Download a scan of these articles here or see a transcript here.
From the Essex Record Office
Details of repairs to St Mary's Church Saffron Walden from the parish records from c 1790. Many thanks to Beryl Meehan who transcribed this from the Saffron Walden parish registers on-line at www.essexcc.gov.uk/ero Download this document here.
Other documents from the Essex Record Archives can be found at www.essex.gov.uk/ero In the search box in the middle of the page type in "Saffron Walden Parish" and then press search.
To trace your Family History check out our Family History Page.
Burials within the Church
An introduction to burials within St Mary's Church from the February 2012 edition of St Mary’s Church News by John Read.
See John Read's article in the Saffron Walden Historical Journal No 4 Autumn 2002 on "St Mary's Saffron Walden Burial Registers 1558 - 1892". Over 780 people have been buried inside the church - read John Read's interesting article to find out more.
You can download John Read's full list of burial locations within the church in pdf or Excel format, and see some examples here of interesting burial locations with the church.
Find out who is buried in the Howard Vault at the east end of the Church by John Read.
Burials within St Mary's Churchyard
Find out more about burials in the church and churchyard. (Over 18,000 people were buried in St Mary's Churchyard over a 300 period from 1553 to 1860!)
Finding Aid for St Mary's Saffron Walden Churchyard Memorial Stones - by John Read
Monumental Inscriptions in the Churchyard and Church of St Mary's SW between 1521-1982 - transcribed by members of the North West Essex Churchyard Group (1978-1984) and edited, indexed and typed by Neville G Price MA 1984.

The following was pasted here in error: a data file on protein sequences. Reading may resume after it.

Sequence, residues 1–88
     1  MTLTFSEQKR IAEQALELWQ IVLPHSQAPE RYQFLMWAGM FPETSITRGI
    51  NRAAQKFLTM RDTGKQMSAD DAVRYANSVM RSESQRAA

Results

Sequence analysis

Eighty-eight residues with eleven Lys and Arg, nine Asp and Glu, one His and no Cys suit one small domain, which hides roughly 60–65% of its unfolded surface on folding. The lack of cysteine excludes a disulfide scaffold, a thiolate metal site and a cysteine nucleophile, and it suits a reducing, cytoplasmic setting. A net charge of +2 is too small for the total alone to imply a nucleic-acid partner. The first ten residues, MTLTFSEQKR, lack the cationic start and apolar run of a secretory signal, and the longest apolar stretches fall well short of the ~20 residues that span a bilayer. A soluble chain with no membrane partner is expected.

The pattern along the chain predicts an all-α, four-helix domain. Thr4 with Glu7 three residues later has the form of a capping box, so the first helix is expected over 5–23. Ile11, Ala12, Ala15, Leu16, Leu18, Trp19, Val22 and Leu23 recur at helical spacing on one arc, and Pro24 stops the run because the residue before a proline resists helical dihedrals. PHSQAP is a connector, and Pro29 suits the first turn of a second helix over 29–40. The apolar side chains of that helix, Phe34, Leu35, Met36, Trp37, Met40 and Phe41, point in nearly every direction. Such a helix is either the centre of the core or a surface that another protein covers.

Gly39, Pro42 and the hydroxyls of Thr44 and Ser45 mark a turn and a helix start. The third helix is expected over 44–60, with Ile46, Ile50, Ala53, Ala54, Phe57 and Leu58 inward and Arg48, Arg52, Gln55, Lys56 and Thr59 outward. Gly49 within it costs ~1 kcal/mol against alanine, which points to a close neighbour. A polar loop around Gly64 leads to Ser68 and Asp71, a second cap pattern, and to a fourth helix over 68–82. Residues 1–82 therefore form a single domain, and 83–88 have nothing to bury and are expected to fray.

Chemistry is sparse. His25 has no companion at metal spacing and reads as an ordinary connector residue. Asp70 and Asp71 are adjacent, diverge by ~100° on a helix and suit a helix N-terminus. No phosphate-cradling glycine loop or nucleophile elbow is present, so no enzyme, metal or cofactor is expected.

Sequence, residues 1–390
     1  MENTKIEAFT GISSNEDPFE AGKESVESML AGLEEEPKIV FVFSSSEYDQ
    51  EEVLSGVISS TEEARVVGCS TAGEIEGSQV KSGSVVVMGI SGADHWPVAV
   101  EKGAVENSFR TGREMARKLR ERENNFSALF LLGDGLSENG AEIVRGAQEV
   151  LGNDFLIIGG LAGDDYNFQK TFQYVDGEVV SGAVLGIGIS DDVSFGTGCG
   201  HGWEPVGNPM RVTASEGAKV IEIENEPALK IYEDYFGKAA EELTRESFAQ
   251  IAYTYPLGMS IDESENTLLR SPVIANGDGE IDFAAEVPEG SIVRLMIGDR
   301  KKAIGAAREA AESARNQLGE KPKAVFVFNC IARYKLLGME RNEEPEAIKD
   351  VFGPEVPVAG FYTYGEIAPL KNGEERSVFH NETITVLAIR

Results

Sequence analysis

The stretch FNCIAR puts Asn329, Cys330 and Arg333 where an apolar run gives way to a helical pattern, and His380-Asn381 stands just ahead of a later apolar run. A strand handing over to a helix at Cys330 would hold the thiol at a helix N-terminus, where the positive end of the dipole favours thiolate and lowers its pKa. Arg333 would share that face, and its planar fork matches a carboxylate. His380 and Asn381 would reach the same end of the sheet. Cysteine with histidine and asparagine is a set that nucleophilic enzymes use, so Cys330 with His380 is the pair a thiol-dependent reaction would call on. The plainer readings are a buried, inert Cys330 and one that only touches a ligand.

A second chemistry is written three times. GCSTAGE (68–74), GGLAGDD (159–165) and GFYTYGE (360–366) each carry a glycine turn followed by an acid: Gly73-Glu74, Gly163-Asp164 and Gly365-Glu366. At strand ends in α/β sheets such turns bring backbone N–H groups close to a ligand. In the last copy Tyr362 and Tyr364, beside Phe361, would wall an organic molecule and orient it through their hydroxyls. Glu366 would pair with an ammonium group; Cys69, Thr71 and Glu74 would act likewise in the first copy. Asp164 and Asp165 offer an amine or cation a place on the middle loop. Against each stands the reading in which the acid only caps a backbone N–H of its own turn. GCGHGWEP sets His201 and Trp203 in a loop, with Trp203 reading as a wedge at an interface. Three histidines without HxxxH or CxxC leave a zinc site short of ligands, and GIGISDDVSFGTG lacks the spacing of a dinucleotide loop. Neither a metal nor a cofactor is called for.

Other Historical Documents relating to St Mary's
The Byrde and Woodhall Memorials
on the west end of the north wall – from St Mary’s Parish News July 2011 by John Read
Restoration Wall Plaque above South Door
- from St Mary's Church News October 2011 by John Read
The North and South Aisle Statues
- from St Mary’s Church News November 2011 by Hamish Walker
More about the South and North Aisle Statues
– in Parish News November 2012 by John Read
'Historical Notes on the North Chapel' by John Read. Taken from the April 2012 edition of Saint Mary's Parish News
'Thomas Dove' - from St Mary’s Parish News June 2012 by John Read
The Muniments Room - from the Parish News April 2013 by John Read
The Peal Boards in the West Porch - from the Parish News October 2014 by John Read
'John Thomas Frye - organist 1820 – 1884' by John Read. From the April 2015 edition of Saint Mary's Parish News.
Information about the Ledger Stones at the West End of the Church by John Read. Taken from the July 2015 edition of Saint Mary's Parish News
Thomas Turner father and son by John Read - from the May 2016 edition of Saint Mary's Parish News.
The Walsingham Family - from St Mary’s Parish News October 2017 by John Read
Rev'd William Gretton - from St Mary’s Parish News April 2018 by John Read